Such was the prophet Elijah to the young Elisha.

Elisha was chosen by God to be Elijah’s successor: to become His prophet after him.
Their meeting (1 Kings 19:19-21) is first seen as the call of Elisha, but is also the fulfilment of God’s instruction to Elijah.
‘… he came on Elisha … as he was ploughing behind twelve yoke of oxen, …Elijah passed near to him and threw his cloak over him. Elisha left his oxen and ran after Elijah. … following Elijah, (he) became his servant.’
It was God’s plan that the two men should meet at this time.

Elijah: the mature man of God, knowing God’s will and acting upon it. He was God’s servant: His prophet.
He had no need of a servant, but Elisha had been chosen by God, and he needed to serve, and to learn. He was not yet ready to serve God as His prophet, but he was ready to follow the man appointed by God to be his teacher; to learn to be in God’s presence, to know His will, to respond to His prompting, and to become the person he had been chosen to be.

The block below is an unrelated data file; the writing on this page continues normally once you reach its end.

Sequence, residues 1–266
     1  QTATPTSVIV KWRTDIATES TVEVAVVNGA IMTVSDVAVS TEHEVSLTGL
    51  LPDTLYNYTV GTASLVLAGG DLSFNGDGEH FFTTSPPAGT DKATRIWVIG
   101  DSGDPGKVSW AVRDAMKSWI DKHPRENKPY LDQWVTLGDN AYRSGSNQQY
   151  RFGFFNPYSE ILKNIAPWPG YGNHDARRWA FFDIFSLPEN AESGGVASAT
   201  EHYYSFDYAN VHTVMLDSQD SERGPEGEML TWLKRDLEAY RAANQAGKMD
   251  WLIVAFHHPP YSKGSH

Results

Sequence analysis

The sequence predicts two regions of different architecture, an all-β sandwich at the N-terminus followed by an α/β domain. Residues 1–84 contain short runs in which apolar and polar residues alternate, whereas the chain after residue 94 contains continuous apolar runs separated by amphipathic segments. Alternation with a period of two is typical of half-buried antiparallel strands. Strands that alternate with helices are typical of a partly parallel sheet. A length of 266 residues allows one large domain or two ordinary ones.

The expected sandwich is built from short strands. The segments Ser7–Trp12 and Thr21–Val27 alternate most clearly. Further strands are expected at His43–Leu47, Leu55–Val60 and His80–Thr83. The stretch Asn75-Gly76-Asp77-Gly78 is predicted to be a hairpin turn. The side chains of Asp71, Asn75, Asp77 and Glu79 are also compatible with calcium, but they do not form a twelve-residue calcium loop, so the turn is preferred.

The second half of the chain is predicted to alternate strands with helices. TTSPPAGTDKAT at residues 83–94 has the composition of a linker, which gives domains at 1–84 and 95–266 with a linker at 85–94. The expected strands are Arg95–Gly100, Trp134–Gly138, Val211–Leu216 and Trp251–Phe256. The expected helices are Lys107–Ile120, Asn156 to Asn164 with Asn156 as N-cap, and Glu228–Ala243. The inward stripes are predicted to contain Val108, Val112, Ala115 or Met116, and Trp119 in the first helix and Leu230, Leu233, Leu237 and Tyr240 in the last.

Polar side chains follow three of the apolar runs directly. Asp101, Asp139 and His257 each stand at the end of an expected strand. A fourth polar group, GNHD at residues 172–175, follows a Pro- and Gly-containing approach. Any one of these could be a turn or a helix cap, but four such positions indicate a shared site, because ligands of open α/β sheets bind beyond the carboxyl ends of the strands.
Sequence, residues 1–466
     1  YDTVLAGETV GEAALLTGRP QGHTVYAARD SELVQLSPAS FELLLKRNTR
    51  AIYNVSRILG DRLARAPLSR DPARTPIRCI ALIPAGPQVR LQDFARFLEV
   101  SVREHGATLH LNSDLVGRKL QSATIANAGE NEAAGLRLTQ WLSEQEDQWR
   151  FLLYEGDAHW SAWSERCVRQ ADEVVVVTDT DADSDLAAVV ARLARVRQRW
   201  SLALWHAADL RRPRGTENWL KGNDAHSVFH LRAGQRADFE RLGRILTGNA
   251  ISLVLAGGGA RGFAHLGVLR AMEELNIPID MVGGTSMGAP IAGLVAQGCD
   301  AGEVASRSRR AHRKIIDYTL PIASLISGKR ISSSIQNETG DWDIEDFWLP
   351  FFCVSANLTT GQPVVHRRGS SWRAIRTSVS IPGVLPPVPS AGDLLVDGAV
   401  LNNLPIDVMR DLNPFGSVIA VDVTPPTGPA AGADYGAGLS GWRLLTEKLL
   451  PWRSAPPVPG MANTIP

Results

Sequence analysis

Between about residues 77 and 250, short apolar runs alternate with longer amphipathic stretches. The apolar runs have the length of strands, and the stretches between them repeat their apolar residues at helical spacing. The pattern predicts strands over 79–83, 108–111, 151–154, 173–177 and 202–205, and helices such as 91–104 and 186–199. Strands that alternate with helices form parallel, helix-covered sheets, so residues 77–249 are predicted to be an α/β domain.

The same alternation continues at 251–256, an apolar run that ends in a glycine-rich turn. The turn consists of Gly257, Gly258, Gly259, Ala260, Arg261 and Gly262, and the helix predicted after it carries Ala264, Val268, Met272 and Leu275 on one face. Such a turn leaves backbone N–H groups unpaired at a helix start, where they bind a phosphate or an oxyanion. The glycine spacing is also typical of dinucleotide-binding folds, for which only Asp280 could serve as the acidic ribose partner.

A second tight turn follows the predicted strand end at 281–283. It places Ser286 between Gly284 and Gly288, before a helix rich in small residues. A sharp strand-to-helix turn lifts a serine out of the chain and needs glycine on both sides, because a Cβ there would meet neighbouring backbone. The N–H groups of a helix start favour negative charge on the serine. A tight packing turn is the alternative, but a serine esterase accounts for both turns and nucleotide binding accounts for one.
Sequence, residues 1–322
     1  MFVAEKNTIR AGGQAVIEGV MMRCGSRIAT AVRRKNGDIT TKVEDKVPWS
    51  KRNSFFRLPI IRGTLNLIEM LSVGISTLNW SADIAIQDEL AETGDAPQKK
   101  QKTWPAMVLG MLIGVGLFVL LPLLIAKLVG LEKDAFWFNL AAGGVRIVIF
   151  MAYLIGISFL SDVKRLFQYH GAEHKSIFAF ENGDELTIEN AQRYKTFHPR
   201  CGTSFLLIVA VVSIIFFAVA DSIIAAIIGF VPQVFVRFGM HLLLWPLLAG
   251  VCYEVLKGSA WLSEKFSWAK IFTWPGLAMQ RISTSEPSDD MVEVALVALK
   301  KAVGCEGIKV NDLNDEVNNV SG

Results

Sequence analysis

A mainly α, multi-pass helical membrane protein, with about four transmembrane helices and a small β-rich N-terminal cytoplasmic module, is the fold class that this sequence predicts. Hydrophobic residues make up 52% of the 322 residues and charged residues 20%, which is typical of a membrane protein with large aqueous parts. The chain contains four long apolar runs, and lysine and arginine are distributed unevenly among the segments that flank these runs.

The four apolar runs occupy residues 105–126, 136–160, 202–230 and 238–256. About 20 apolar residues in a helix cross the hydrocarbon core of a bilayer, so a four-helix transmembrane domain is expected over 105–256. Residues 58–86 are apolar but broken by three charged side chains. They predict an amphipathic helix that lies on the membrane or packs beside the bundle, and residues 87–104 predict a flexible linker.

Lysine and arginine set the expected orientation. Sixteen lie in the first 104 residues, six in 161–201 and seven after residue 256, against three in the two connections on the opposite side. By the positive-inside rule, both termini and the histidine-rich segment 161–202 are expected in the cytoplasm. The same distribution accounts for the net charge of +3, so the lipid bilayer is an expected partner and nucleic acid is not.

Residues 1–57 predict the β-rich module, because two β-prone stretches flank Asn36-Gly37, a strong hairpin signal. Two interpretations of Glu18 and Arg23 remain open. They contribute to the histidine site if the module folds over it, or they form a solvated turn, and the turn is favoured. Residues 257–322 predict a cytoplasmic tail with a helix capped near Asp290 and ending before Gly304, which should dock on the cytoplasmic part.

Elijah was God’s servant.
Elisha became servant to God’s servant, that he may himself become effective as a servant of God.
By spending time with Elijah, seeds would be sown in the prepared ground of his heart; seeds gathered from the inner harvest of Elijah’s maturity in the presence of God.
Elisha would be formed from the example, teaching and Godly power of his appointed mentor.

Elisha was ready for God to move him.
He was ready to do God’s will; ready for Elijah when he came, and ready to leave everything to follow him.